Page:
Skip to content

Anti-Americanism and Anti-Semitism

Two months ago, the burning of an American flag along with a copy Anne Frank's diary (, has sent shockwaves across Germany. From the European Jewish Press:
More than 100 villagers had gathered on June 24 to celebrate the summer solstice in Pretzien, a village south of Magdeburg in the east German state of Saxony-Anhalt, with a dance and a bonfire. (...) According to the 'Tagesspiegel' newspaper, three local far-right extremists present in the crowd, aged 24, 27 and 28, threw both a US flag and 'Anne Frank: Diary of a Young Girl' onto the pyre with one man saying: "I commit Anne Frank to the fire." The scene was evocative of the infamous bonfires organised by the Nazis in 1933 in Berlin and across Germany to rid the Third Reich of "degenerate books".
This book burning was a singular incident in modern Germany and should not be used for exaggerations. Though in general there are strong links between Anti-Americanism and Anti-Semitism, argues U.S. Fulbright Alumnus Andrei S. Markovits, a political science professor at Ann Arbor and expert on German politics and European culture and soccer, in his book Amerika, dich haßt sich's besser. Antiamerikanismus und Antisemitismus in Europa ( The book cover shows a graffiti claiming that Presidential Candidate "Kerry is a Jew too." The book was published in October 2004 and is only available in German, but Dialog International has written a review in English.

Besides, two English working papers by Prof. Markovits can be downloaded as PDF files: "Twin brothers": European Anti-Semitism and Anti-Americanism and European Anti-Americanism (and Anti-Semitism): Ever Present Though Always Denied. I have read one of the working papers about a year ago and found his historical analysis and many arguments convincing, but some arguments about the strong ties between Anti-Semitism and Anti-Americanism not so much. Now, after the burning of the Anne Frank Diary along with the American flag, I will need to re-read the working paper or wait for Prof. Markovits' upcoming book Uncouth Nation: Why Europe Dislikes America (,, which will be available in the U.S. on December 15, 2006 and in Germany in February 2006. Prof. Markovits described his earlier book Amerika, dich haßt sich's besser as the basis for the upcoming book.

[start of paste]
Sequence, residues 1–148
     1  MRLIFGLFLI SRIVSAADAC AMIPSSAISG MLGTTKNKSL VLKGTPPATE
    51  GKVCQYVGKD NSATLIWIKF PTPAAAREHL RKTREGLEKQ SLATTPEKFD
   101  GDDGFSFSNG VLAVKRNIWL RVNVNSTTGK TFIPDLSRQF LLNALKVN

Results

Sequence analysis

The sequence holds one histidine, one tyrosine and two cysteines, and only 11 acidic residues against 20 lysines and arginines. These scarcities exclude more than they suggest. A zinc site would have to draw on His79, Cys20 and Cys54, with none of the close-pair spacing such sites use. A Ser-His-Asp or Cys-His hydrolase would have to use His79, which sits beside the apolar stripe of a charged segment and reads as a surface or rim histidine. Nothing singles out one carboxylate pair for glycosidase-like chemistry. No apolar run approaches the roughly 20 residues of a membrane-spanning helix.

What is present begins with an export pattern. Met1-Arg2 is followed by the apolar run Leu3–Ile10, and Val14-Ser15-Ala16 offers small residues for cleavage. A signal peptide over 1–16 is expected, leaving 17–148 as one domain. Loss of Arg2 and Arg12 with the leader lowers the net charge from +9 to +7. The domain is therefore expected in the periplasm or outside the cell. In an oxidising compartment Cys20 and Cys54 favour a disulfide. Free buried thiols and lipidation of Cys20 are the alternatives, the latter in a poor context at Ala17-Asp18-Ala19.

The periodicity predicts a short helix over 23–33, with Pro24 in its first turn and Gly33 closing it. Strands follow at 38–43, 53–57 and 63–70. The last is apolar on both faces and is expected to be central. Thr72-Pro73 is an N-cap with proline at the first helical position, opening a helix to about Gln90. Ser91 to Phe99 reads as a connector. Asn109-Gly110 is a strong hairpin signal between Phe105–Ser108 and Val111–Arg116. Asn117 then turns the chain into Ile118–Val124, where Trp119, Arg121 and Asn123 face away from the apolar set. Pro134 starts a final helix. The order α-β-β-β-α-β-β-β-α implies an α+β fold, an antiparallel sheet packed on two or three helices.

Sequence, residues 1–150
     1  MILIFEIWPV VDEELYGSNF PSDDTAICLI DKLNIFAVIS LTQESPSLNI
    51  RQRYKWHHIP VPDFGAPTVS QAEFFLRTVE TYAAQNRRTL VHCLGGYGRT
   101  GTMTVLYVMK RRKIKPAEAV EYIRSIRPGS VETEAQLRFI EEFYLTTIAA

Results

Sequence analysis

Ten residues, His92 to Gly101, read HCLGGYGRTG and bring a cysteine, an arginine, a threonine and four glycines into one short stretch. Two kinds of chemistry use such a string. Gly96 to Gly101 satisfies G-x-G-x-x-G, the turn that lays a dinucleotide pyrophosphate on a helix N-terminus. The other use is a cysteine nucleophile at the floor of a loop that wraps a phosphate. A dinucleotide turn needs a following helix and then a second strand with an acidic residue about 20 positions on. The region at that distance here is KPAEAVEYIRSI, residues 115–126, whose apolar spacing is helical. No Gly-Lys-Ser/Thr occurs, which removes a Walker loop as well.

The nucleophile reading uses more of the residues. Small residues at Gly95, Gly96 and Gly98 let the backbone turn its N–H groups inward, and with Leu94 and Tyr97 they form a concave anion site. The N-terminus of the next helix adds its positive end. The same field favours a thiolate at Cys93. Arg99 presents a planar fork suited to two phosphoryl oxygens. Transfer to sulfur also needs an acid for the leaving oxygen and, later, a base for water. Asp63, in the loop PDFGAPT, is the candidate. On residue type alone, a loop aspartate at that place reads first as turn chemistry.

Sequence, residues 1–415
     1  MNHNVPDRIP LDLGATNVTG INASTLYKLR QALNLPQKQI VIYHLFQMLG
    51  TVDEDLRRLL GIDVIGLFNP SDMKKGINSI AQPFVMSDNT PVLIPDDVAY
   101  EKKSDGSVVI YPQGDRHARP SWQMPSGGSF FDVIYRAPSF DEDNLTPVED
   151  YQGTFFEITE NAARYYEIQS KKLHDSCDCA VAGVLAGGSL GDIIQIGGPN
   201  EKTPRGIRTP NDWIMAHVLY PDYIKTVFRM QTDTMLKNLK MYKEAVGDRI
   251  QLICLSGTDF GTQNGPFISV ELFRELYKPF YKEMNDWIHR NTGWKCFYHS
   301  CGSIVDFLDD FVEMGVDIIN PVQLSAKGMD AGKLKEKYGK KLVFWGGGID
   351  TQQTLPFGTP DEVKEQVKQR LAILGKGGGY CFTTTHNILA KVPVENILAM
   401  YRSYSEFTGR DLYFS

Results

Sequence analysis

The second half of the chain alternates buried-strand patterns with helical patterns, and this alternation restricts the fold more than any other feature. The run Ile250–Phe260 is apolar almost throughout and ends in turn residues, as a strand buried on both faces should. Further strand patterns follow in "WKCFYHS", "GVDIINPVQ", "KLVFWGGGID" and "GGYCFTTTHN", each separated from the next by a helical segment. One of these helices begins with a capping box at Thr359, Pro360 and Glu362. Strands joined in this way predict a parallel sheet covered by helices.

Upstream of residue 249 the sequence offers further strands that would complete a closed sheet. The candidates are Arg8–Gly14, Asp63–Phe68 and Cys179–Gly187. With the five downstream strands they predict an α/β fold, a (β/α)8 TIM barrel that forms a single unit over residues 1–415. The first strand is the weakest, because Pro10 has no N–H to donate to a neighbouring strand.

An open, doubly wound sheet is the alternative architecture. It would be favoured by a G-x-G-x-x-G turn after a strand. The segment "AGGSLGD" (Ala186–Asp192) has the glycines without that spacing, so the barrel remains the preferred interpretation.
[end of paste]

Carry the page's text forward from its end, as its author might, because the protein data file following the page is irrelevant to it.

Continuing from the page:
Following is a snyopsis of Uncouth Nation:
Continue reading "Anti-Americanism and Anti-Semitism"

Sidewalk SUVs and Freedom Fries

•  The Wall Street Journal writes about "Sidewalk SUVs": "Motorized scooters for the disabled are finding a lucrative new market: People just sick of walking." Related: SUVs undermine US foreign policy

•  Superfrenchie, an interesting blog about "French-bashing America", writes that the "U.S. Congress surrenders!" based on a report in the Washington Times that the congressional cafeterias do not list French Fries as "Freedom Fries" anymore. Superfrenchie opines: "I'm not sure something ever made the U.S. look as foolish, petty, bigoted and intolerant than renaming French fries to Freedom Fries. By an act of Congress no less!"
More shocking news: "Germany Faces French Fries Fiasco", writes Deutsche Welle: "Farmers' representatives recently announced that Germany's fabulous summer did horrible things to Teutonic tubers. There's less of them -- about 20 percent are missing."

Bush interview with German TV about Merkel's soul, transatlantic cooperation on Iran, Guantanamo, climate change